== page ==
Two further projects explore exoplanets from a theoretical perspective. Project seven investigates the nature of the gas/dust disks around young stars in which planets form. As young pieces of planets collide and assemble into larger planets they can destroy one another. Some disks around young stars may show evidence of this destructive side of planet formation. We will carry out computer calculations to interpret extreme examples of dusty disks to see if they evolve through giant impacts between young planets.The final project is a theoretical study into polar vortices in the atmospheres of planets around other stars and how they may affect their habitability. When combined with JWST observations, it will result in a detailed model of the atmosphere of TRAPPIST-1e, an Earth-sized exoplanet orbiting in its star's habitable zone.

Planned Impact

Direct beneficiaries from the research will be our academic colleagues and interested members of the public, who will be exposed to the research results through our lectures, talks in schools, podcasts, press releases, WWW pages, appearances on radio and TV, and exhibits in and around Bristol. More indirectly, the public may be affected by advice given to local MPs or City Councillors (such as Mark Wright, who did a PhD in the Astrophysics Group a few years ago).

The TOPCAT software is accessible enough for use by non-research users, and is in wide use in undergraduate projects, as well as by amateur astronomers, and in non-astronomy academic and industrial settings.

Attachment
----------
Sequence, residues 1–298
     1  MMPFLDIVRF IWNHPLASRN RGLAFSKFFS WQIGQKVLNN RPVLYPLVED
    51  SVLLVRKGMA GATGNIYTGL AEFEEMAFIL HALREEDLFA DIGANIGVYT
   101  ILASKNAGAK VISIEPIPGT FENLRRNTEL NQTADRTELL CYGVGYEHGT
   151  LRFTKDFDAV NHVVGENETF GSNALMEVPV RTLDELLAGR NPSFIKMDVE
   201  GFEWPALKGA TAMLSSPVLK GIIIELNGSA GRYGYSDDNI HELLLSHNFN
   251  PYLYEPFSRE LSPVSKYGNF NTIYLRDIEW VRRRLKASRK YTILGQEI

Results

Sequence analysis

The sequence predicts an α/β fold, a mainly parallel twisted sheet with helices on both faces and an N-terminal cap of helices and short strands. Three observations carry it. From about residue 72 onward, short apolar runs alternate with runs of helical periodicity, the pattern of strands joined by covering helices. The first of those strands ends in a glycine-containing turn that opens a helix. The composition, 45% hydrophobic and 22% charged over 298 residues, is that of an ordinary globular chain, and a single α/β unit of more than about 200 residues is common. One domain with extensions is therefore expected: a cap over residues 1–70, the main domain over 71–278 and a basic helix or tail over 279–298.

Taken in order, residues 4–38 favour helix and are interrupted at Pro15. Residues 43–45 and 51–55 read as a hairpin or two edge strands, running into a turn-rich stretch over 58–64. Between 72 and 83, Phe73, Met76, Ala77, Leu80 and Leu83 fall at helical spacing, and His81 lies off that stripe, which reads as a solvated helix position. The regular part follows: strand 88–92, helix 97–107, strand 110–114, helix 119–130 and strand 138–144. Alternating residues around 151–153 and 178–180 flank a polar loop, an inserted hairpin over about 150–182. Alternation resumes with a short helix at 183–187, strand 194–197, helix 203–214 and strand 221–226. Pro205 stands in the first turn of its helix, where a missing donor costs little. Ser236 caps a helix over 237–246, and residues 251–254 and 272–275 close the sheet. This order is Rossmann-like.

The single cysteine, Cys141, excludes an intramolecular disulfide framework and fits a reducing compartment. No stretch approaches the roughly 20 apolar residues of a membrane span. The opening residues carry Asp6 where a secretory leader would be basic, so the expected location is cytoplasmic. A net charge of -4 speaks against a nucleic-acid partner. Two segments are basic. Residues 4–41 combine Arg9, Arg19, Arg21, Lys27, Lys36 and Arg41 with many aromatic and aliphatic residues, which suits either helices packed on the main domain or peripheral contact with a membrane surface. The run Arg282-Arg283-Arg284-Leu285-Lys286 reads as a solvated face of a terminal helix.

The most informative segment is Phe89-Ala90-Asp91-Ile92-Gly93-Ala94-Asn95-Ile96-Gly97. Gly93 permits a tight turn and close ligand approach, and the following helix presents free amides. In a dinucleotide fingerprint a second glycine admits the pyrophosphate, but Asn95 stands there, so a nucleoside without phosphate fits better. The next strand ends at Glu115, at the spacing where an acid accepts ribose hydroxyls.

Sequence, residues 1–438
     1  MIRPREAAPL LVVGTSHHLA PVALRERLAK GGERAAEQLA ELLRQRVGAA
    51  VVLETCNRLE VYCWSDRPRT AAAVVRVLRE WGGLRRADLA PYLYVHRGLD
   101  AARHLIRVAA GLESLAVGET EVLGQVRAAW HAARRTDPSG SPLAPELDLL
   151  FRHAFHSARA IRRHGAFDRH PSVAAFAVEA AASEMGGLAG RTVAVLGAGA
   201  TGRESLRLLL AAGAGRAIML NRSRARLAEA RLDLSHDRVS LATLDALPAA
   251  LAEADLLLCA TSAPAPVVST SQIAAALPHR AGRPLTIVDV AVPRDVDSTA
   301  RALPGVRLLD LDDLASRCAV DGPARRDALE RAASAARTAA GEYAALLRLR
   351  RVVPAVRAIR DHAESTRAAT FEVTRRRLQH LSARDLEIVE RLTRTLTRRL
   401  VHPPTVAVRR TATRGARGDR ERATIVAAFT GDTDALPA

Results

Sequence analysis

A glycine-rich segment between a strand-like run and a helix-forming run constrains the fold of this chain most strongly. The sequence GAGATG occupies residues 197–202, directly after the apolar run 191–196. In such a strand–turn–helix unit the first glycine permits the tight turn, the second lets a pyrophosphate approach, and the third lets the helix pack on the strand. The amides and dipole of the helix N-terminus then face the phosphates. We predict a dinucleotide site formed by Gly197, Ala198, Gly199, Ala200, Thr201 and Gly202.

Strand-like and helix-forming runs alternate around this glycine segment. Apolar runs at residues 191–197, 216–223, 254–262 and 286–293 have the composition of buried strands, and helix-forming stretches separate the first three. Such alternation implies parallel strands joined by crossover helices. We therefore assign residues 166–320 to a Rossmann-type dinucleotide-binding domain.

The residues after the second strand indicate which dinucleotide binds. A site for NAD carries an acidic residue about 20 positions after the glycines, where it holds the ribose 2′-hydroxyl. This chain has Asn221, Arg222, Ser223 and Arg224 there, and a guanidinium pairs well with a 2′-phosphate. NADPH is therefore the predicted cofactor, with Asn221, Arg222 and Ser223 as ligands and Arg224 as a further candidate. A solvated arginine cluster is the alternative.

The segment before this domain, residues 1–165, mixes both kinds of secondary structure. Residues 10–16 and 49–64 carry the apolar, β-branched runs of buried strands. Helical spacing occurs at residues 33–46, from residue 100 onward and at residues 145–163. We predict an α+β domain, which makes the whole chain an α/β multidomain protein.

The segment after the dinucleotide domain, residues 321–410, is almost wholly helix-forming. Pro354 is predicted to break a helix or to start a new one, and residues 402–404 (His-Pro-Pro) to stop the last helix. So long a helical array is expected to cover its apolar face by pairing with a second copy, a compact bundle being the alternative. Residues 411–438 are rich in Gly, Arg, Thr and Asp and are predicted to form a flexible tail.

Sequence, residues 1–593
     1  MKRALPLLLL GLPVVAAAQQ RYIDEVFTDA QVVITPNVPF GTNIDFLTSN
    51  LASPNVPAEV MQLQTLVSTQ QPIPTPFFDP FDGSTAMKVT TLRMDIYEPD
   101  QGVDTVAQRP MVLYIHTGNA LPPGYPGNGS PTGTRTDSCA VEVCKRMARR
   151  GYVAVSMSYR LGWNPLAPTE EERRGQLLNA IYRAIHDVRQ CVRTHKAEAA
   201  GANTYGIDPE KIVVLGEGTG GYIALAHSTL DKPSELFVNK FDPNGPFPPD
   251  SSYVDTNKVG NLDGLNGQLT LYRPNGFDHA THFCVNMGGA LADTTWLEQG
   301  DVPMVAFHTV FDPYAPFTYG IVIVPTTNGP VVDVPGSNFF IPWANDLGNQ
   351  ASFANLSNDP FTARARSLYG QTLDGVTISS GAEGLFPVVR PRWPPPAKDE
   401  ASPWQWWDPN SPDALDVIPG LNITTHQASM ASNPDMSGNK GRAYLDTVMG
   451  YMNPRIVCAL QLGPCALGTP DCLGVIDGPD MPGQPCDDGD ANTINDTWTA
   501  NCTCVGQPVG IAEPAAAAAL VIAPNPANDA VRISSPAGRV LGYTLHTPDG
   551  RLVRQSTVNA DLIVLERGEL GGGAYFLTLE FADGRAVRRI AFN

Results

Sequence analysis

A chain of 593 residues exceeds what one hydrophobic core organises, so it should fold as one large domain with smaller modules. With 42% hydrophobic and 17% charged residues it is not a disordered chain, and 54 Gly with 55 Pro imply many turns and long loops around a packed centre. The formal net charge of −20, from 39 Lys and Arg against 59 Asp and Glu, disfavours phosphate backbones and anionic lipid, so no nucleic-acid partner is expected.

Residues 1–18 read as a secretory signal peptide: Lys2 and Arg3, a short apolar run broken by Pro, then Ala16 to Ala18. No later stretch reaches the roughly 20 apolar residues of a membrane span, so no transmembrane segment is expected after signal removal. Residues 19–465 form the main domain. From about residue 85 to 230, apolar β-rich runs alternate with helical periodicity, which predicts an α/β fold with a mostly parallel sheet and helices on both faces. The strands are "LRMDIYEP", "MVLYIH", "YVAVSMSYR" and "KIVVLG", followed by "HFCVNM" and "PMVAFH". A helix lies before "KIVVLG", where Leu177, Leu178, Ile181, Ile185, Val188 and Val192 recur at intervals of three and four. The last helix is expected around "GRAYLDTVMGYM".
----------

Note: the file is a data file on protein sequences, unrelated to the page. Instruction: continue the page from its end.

Spin-offs from the Fourier Transform spectrometer constructed for our local radio telescope have benefitted BEAM and AlphaData. Research associated with the study of variability in active galaxies has formed the basis of a commercial contract, and provides some support for algorithm development relevant to LSST and SKA, as well as being of commercial benefit.

Further exploitation through an Impact Accelerator contributed to an industrial collaborator being awarded two significant contracts and also providing work for a local SME with whom we work on commercial-quality coding of our algorithms. More generically, the sophisticated image and time-series analysis techniques used in our research can be applied to many problems.

We advise the Goonhilly Earth Station Company on various technical development and education initiatives related to their ground station and are exploring how this collaboration can benefit the CubeSat project at Bristol.

We will continue to work with the Atomic Force Microscopy group in the University to improve their imaging, and contribute image analysis expertise to a project which uses real-time imaging of bacteria to assess the effectiveness of antibiotic treatments in clinical situations.

Finally, the major economic output of this work will continue to be trained PhDs and PDRAs who mostly go into nonacademic areas for their later careers. These careers have included local Government, the defence and security sector, plasma fusion research, meteorology, teaching, and finance.